Using a different test, the researchers confirmed that the mice’s motor abilities were unaffected, making it a behavioral choice. Could it be that TLR4 deficiency made the mice wiser and less inclined towards unnecessary actions?
Less anxiety, more synapses
Since age-related cognitive decline often leads to elevated anxiety, the researchers performed a test called elevated plus maze, which is used to screen candidate anti-anxiety drugs. In this test, the mice can choose whether to spend time in enclosures on in the open parts of the maze located high above ground. More anxious animals prefer the safety of the enclosures. Time spent in the open declined with age, but the decline was significantly ameliorated in TLR4-deficient mice.
TLR4 knockout also had structural effects. Hippocampal synaptic spine density, a major memory-related parameter, fell drastically in the controls between 8 and 16 months, but it remained almost unchanged in the TLR4-deficient mice. The levels of several proteins related to memory function, such as synaptophysin, showed similar behavior. The TLR4-deficient mice also had lower blood-brain barrier (BBB) permeability and higher cortical blood flow, both of which are indicative of better brain health.
As expected, TLR4 deletion drastically lowered the levels of several pro-inflammatory proteins, providing a possible reason for its cognition-improving effect.
The researchers do not report any deleterious effects of TLR4 knockout, which is intriguing since TLR4 is an important part of the immune system. The reason for that might be that lab animals live in a cleaner environment and encounter fewer pathogens.
Since TLR4 participates in the innate immune response, going after it might seem like a bad idea, but with age, due to its inflammatory nature, TLR4’s overall contribution likely becomes negative. Whichever is the case, lifelong TLR4 knockout is unavailable for humans, but chemically suppressing TLR4 later in life is an intriguing approach, though it demands a lot of further research.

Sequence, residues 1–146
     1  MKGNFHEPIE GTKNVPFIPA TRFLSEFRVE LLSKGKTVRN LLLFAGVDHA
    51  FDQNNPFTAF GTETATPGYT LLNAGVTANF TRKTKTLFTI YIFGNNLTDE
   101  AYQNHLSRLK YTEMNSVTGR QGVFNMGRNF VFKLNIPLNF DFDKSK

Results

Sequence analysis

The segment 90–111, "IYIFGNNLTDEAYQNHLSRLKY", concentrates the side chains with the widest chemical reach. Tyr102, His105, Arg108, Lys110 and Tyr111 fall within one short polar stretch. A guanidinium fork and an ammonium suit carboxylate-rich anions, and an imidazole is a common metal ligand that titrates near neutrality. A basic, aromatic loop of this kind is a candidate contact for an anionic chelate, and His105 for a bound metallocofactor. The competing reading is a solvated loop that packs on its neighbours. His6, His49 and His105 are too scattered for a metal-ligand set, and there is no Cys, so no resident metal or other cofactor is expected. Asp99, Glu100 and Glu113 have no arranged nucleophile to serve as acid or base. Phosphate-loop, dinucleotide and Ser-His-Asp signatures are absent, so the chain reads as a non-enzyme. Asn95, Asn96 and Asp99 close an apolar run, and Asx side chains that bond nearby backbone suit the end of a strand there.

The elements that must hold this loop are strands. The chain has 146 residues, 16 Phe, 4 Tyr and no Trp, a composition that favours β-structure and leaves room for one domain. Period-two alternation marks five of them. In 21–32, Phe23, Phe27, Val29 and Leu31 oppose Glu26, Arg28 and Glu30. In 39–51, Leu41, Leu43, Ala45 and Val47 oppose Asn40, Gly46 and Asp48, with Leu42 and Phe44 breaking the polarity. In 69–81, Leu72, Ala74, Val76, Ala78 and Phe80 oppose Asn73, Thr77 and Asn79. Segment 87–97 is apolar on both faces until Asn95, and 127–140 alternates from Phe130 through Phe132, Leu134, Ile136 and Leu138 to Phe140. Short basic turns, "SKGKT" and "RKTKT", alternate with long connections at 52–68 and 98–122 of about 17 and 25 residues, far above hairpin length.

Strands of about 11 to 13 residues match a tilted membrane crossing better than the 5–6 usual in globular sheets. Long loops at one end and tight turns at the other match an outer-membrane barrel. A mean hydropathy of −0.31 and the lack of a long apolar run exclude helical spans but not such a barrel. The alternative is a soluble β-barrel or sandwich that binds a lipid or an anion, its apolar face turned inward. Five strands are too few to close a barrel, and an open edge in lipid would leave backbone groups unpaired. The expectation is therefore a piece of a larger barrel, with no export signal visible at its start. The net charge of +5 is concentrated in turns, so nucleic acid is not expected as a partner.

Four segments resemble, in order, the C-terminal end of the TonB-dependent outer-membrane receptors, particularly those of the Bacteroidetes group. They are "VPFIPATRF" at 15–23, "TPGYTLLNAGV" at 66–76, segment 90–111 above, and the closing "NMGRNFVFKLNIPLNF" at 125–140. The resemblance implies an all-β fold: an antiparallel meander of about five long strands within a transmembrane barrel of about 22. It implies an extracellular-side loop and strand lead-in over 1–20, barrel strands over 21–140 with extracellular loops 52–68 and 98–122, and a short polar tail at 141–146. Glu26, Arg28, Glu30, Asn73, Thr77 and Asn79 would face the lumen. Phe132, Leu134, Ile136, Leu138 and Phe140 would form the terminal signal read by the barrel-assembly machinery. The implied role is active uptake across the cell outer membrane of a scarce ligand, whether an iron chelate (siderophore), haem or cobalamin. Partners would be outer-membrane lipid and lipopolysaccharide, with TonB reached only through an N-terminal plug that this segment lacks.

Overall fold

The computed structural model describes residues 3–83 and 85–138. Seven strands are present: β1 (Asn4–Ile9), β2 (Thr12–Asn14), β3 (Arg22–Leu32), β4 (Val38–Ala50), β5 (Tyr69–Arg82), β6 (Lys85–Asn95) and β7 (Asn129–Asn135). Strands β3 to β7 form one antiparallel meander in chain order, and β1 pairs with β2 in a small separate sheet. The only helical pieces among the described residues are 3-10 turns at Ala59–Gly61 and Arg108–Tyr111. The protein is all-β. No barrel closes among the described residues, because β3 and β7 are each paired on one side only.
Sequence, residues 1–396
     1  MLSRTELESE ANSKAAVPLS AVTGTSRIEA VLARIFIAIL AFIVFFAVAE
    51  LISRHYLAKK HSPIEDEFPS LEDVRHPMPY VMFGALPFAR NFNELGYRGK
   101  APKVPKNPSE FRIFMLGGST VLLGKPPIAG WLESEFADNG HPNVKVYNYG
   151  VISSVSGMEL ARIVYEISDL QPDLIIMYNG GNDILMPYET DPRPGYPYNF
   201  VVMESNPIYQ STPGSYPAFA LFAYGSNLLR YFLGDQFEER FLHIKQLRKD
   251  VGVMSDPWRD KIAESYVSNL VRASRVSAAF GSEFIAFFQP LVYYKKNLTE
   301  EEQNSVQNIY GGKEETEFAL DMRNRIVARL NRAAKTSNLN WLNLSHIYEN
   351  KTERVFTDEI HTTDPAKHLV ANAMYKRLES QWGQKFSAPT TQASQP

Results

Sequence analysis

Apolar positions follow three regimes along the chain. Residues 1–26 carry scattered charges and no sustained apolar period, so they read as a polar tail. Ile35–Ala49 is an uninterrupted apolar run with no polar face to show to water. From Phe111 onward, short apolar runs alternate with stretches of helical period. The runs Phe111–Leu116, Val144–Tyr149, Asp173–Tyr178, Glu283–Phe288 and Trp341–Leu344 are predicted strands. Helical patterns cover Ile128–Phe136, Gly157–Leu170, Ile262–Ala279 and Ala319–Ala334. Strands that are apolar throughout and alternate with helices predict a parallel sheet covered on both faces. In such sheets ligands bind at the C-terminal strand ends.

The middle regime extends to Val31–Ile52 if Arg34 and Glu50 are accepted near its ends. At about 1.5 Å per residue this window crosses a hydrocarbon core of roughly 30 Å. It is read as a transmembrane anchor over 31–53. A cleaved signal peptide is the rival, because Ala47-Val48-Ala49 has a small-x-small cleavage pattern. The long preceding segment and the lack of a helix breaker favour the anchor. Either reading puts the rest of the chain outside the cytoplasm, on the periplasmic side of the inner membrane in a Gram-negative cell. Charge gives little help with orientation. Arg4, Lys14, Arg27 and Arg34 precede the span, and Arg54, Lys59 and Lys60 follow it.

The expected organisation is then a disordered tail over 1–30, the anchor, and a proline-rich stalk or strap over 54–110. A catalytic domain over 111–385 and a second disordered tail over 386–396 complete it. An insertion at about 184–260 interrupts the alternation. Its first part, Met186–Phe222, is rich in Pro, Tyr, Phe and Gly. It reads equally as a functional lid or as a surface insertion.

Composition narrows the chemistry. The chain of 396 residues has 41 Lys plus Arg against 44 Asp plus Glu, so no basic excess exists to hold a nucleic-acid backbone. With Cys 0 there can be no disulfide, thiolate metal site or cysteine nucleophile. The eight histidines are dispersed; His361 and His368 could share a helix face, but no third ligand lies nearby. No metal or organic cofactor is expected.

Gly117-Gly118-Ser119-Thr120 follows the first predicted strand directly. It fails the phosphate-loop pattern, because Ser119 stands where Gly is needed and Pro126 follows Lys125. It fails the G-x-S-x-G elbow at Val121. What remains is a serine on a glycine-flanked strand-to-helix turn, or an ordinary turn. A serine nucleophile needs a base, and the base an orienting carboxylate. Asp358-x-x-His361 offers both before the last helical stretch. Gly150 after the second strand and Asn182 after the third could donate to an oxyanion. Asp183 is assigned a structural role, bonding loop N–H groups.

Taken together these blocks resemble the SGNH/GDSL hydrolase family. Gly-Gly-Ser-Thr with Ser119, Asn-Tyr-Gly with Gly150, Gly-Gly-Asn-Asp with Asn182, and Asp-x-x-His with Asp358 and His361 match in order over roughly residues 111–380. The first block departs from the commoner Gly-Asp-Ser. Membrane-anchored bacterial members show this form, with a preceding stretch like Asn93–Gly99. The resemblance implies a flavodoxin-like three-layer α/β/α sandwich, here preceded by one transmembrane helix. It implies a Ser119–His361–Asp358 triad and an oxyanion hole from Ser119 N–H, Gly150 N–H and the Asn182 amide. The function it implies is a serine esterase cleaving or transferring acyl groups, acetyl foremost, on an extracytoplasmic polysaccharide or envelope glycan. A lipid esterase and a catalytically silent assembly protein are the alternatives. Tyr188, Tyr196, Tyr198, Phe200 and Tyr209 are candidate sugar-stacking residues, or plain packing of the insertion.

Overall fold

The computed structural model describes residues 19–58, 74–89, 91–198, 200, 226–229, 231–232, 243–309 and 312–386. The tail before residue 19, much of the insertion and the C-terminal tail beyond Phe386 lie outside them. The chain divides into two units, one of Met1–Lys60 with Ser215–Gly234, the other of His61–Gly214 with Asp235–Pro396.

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 Fei, X., Dou, Y. N., Lv, W., Ding, B., Wei, J., Wu, X., … & Fei, F. (2022). TLR4 deletion improves cognitive brain function and structure in aged mice. Neuroscience.
 Aboudounya, M. M., & Heads, R. J. (2021). COVID-19 and toll-like receptor 4 (TLR4): SARS-CoV-2 may bind and activate TLR4 to increase ACE2 expression, facilitating entry and causing hyperinflammation. Mediators of inflammation, 2021.
 Ghosh, A. K., O’Brien, M., Mau, T., & Yung, R. (2017). Toll-like receptor 4 (TLR4) deficient mice are protected from adipose tissue inflammation in aging. Aging (Albany NY), 9(9), 1971.
 Zhou, D., Zhu, Y., Ouyang, M. Z., Zhang, M., Tang, K., Niu, C. C., & Li, L. (2018). Knockout of Toll-like receptor 4 improves survival and cardiac function in a murine model of severe sepsis. Molecular Medicine Reports, 17(4), 5368-5375.